may not be cited except as provided by
Minn. Stat. § 480A.08, subd. 3 (1996).
STATE OF MINNESOTA
IN COURT OF APPEALS
State of Minnesota,
Charles Edward Minor,
Filed February 3, 1998
File No. K4-96-4605
Jan Peterson, St. Cloud City Attorney, 400 Second Street South, St. Cloud, MN 56301-3699 (for respondent)
John M. Stuart, State Public Defender, Lyonel Norris, Assistant State Public Defender, Suite 600, 2829 University Avenue, Minneapolis, MN 55414 (for appellant)
Considered and decided by Schumacher, Presiding Judge, Crippen, Judge, and Forsberg, Judge.[*]
Appealing from his sentence, appellant challenges the trial court's denial of his claim for 20 days of jail credit for time he served prior to sentencing. We reverse.
After his case was turned over to the city attorney on November 20, 1996, appellant was convicted of issuing worthless checks in violation of Minn. Stat. § 609.535, subds. 2, 2a(a)(1), 2a(b) (1996). He was incarcerated on unrelated charges for 2 days in December 1996 and for 18 days in January 1997. It is undisputed that there was probable cause to charge appellant by the time he was detained in December. Moreover, after appellant moved for relief, the state, which filed no brief to this court, conceded to the trial court that appellant was entitled to credit for the 18 days in January.
The decision to grant jail credit is not discretionary with the trial court. State v. Parr, 414 N.W.2d 776, 778 (Minn. App. 1987), review denied (Minn. Jan. 15, 1988). Minn. R. Crim. P. 27.03, subd. 4(b) and Minn. Sent. Guidelines III.C both require credit for "all time spent in custody." Initially, the focus was on time spent in custody "in connection with" the offense as found in Minn. R. Crim. P. 27.03, subd. 4(b). That gave way to decisions that recognized the risk that jail time credits be taken from a defendant by the prosecutorial choice to delay filing of new charges. See, e.g. State v. Folley, 438 N.W.2d 372, 374-75 (Minn. 1989) (holding that the length of a sentence should not turn on matters such as the charging process that prosecutors can manipulate to destroy jail credit entitlements). The circumstances here are not unlike those in Folley. Accordingly, we reverse the decision denying appellant credit for the 20 days he was incarcerated.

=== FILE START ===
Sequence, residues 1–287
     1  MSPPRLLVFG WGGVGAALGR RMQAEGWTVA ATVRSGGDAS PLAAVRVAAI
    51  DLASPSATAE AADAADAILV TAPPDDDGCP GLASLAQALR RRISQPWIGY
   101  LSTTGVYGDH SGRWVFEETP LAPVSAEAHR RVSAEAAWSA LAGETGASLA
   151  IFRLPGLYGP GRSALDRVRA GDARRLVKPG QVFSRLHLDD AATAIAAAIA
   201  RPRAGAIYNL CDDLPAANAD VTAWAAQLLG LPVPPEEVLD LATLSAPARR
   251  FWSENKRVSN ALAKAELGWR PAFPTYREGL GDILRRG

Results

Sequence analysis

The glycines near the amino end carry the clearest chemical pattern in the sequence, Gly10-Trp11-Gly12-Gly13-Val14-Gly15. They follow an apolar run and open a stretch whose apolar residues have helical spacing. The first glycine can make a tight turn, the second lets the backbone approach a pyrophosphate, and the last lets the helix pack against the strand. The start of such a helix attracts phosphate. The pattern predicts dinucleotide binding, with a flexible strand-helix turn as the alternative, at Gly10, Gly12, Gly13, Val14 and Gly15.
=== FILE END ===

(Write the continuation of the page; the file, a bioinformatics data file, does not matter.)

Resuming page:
[*] Retired judge of the Minnesota Court of Appeals, serving by appointment pursuant to Minn. Const. art. VI, § 10.